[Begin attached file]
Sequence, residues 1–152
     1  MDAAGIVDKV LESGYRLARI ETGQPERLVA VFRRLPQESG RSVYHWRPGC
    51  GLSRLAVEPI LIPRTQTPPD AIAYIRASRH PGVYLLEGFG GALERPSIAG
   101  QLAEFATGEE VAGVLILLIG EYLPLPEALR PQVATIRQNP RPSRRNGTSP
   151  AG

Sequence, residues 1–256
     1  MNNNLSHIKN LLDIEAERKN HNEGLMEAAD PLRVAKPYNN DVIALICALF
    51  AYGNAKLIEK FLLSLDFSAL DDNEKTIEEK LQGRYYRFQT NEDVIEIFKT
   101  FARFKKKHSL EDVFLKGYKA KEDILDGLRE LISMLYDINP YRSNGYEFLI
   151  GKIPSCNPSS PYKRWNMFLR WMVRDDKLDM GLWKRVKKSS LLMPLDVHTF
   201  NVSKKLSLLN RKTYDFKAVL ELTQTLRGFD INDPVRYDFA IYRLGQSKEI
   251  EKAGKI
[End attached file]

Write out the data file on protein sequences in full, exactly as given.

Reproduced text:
Sequence, residues 1–152
     1  MDAAGIVDKV LESGYRLARI ETGQPERLVA VFRRLPQESG RSVYHWRPGC
    51  GLSRLAVEPI LIPRTQTPPD AIAYIRASRH PGVYLLEGFG GALERPSIAG
   101  QLAEFATGEE VAGVLILLIG EYLPLPEALR PQVATIRQNP RPSRRNGTSP
   151  AG

Sequence, residues 1–256
     1  MNNNLSHIKN LLDIEAERKN HNEGLMEAAD PLRVAKPYNN DVIALICALF
    51  AYGNAKLIEK FLLSLDFSAL DDNEKTIEEK LQGRYYRFQT NEDVIEIFKT
   101  FARFKKKHSL EDVFLKGYKA KEDILDGLRE LISMLYDINP YRSNGYEFLI
   151  GKIPSCNPSS PYKRWNMFLR WMVRDDKLDM GLWKRVKKSS LLMPLDVHTF
   201  NVSKKLSLLN RKTYDFKAVL ELTQTLRGFD INDPVRYDFA IYRLGQSKEI
   251  EKAGKI